"So if you hear my sad song singing, Remember who and what you nearly had."
For many fans 1969’s Stand Up is where the Jethro Tull’s story really starts. That’s not to say that their debut, This Was, wasn’t any good, but Stand Up is where Jethro Tull started to sound like no one other act than Jethro Tull.
In the few months that split the release of This Was and Stand Up, guitarist and co-band leader Mick Abrahams had been pushed / stood down from his position as co-leader of Jethro Tull (he would emerge mere weeks later with his own band, blues rockers, Blodwyn Pig), allowing wild-eyed flute player Ian Anderson to establish himself as the benign dictator of Jethro Tull. The first order of business under Anderson’s new regime was to recruit a guitar player with a broader range than Abrahams’ bluesy riffage. Tony Iommi of Black Sabbath fame briefly filled in (that’s him in the footage of Tull at the Rolling Stones’ Rock and Roll Circus), but a more permanent replacement was found in one of the least likely guitar heroes that the UK has ever produced. Martin Lancelot Barre was a relatively introverted guy by rock and roll standards who was able to play his guitar in just about any style that the music demanded, so for Anderson’s vision of where Jethro Tull should be heading, he was a perfect fit and Barre remained a faithful and long-serving lieutenant to Anderson for well over four decades.
A guitar-toting introvert in place, Tull set about radically changing their sound for Stand Up. The blues were still present and correct, particularly on tunes like “A New Day Yesterday” and “Nothing is Easy”, but the band also assimilated more progressive elements into their sound, with a small side order of European folk (“Look Into the Sun” and “Reasons for Waiting”), a cheeky nod to Johann Sebastian Bach (the fan-favourite “Bouree”, on which bass player Glen Cornick was given the opportunity to show exactly what he was capable of when the rest of the band piped down and gave him centre stage), all feeding in to a more idiosyncratic approach, with Anderson himself making a huge leap forward as both vocalist and lyricist. From blues rock bluster, to the more gentle and romantic sounds, Anderson’s writing and arrangements had taken a leap forward from those on Tull’s debut and suddenly the scope of the band’s sound was much wider, allowing room for tracks as diverse as the light-hearted mandolinathon of “Fat Man”, and the closing track, “For A Thousand Mothers”, a track which showed that, when the mood took them, Jethro Tull could rock with the best and is a brilliant showcase for drummer Clive Bunker, whose enthusiastic kit-thrashing is a huge feature throughout Stand Up.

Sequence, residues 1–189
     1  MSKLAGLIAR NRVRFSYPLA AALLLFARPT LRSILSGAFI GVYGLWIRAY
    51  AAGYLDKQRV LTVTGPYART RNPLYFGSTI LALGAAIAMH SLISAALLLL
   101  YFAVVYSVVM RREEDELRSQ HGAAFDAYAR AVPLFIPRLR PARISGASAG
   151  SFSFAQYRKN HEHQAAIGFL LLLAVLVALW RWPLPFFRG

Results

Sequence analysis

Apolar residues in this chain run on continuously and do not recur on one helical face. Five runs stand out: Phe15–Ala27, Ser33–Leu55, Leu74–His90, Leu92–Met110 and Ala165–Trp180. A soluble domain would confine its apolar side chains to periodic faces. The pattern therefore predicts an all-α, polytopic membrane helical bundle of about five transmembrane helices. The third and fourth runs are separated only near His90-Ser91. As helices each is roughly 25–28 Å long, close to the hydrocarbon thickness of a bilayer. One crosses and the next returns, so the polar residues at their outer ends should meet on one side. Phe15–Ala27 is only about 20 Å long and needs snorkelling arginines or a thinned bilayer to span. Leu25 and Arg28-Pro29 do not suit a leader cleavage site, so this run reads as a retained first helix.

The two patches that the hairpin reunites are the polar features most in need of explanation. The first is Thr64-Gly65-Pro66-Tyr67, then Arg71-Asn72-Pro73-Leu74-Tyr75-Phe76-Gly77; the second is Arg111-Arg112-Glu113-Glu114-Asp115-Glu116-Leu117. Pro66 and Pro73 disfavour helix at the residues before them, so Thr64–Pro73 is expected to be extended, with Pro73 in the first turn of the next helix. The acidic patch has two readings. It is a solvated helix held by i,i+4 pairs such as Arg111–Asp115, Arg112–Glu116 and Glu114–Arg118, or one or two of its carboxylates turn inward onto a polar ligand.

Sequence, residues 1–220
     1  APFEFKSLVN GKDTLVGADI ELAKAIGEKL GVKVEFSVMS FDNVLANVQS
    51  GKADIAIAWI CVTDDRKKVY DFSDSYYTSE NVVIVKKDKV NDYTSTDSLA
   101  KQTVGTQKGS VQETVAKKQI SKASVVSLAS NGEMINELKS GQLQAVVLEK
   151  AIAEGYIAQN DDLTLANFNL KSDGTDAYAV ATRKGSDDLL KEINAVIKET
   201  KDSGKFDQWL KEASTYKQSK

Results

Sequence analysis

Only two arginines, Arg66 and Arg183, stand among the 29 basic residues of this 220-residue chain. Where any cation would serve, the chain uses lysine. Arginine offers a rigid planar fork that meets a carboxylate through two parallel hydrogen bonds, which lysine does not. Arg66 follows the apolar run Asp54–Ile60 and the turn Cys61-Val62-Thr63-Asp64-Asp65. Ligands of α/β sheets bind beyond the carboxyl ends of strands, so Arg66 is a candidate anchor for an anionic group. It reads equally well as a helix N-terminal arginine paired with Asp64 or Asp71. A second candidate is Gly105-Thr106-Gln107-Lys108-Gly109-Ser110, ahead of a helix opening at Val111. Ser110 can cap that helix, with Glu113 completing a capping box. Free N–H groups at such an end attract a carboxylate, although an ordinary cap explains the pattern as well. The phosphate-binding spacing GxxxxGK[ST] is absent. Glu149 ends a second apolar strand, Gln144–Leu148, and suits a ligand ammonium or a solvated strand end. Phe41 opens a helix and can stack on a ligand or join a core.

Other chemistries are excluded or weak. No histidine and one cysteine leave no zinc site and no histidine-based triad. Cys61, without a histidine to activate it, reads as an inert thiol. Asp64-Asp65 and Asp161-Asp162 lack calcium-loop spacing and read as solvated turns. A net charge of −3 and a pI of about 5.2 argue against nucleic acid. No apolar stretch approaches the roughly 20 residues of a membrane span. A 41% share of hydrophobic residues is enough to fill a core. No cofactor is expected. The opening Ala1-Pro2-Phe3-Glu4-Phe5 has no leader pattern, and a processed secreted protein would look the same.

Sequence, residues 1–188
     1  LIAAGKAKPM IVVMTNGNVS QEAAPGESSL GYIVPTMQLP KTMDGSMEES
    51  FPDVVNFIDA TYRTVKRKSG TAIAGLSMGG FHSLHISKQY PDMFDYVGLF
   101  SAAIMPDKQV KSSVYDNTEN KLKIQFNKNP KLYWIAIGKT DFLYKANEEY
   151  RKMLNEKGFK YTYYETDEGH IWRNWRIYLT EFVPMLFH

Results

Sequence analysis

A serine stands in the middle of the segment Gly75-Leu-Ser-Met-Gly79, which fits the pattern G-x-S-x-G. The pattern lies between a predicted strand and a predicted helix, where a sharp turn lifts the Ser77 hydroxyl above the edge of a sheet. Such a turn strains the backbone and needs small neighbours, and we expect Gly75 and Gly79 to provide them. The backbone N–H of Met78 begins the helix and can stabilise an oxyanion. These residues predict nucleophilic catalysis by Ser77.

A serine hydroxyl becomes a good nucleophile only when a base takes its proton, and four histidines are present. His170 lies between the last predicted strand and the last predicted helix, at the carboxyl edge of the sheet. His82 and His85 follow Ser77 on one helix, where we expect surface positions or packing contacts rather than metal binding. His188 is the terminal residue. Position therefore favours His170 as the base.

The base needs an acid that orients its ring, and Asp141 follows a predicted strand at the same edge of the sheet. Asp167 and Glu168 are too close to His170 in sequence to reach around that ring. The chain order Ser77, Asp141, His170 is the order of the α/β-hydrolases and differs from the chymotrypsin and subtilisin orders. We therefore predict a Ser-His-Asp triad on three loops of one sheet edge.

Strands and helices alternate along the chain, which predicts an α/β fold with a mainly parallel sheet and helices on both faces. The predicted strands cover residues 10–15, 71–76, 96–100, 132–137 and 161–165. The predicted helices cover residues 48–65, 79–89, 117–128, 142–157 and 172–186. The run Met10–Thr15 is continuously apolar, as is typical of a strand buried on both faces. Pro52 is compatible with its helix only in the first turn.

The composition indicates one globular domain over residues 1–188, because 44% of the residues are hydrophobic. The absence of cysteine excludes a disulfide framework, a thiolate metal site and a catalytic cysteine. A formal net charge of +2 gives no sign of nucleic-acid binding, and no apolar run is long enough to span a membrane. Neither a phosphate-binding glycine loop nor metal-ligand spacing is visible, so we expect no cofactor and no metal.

In many ways Stand Up is Tull’s most rounded album, with its generous range of styles and moods somehow shaped into a beautifully well-balanced album which showed just how stylistically nimble they could be when compared to their contemporaries. Even at this early stage of Jethro Tull’s career Ian Anderson also understood exactly how to produce the band to best effect, with Stand Up having a wonderfully open and uncluttered sound which gave each instrument space to breathe, and particularly making the most the most of Martin Barre’s gorgeously rounded guitar playing.
For all of Stand Up’s diversity and brilliance, listening back, its impressive that Anderson had enough self control to not include big hits like “Living in the Past” and Sweet Dream” on the album. Then again, this was the back end of an era where including singles that the fans had already bought on an album was considered to be something of a rip-off, so maybe it was a happy accident. Whatever the case, it results in Stand Up being a collection of ten great tunes which demonstrated the band’s range without sounding piecemeal, sequenced in exactly the right order, with nothing surplus to requirements.
As an album, Stand Up finds Jethro Tull at a crucial point in their career, and it temporarily set them up to be critical darlings and chart toppers. It was the apex of a whirlwind few months that would briefly put them on terms with Led Zeppelin, Creedence Clearwater Revival and The Rolling Stones, both in terms of sales and critical success. Of course Jethro Tull would go on to enjoy a lengthy career, with regular changes in direction, line up and fortune, but Stand Up is the album which established them as a band which stood out from the blues rock rank and file, and laid the creative template for Anderson, Barre and their bandmates to enjoy enormous success throughout the 70s and beyond.